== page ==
About Martin Luther King

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Many well-known speakers and debaters owe their performance to the manner in which they present their works to viewers, since the more successful the execution, the more engagement they get from the crowd. Indeed, it is from this belief that Aristotle assumed that how well a speaker responds to the audience is determined by how well they present an appealing point (Lutzke and Henggeler 1). He showed this in the form of a triangle containing the elements of signs, ethos, and pathos, which he later dubbed the rhetorical triangle. In his speech in 1963, Martin Luther King stresses that he has a dream of an American nation where there was no discrimination and where everyone is treated equally regardless of their skin color with the speaker’s success largely attributed to the use of rhetorical appeals.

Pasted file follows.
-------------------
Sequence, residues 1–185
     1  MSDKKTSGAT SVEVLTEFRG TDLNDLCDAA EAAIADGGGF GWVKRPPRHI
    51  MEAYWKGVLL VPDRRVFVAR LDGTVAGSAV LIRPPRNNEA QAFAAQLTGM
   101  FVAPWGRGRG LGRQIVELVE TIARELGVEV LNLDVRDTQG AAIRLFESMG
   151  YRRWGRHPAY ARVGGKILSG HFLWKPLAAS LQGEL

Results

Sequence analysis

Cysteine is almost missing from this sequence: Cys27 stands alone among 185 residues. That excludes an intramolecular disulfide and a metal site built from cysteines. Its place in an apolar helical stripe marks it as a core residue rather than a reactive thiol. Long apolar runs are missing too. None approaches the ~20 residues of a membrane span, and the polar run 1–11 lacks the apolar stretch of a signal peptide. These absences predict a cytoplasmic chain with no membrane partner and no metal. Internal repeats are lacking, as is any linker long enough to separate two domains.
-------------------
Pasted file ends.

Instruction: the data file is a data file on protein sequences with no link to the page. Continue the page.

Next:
The speech that is dated August 28, 1963, is arguably one of the greatest speeches from the manner in which it moved the crowd. King was so moved by the response from the crowd that he even stopped reading from his script and started preaching from his heart (King 3). In the speech, King talks about the urgency that was needed in the action stage to ensure that the people always became aware of the present in their quest for freedom. He, however, underscores that achieving this dream should not be accompanied by bitterness violence of hatred but hold their heads high in the pursuit of justice (King 1). The statement” I have a dream” is stressed in many parts of the speech to restate the speaker’s desire and invoke the real hope of the American people. It is given more emphasis and it is the basis for understanding the effectiveness of the speech in making use of the rhetorical appeals in establishing the claims.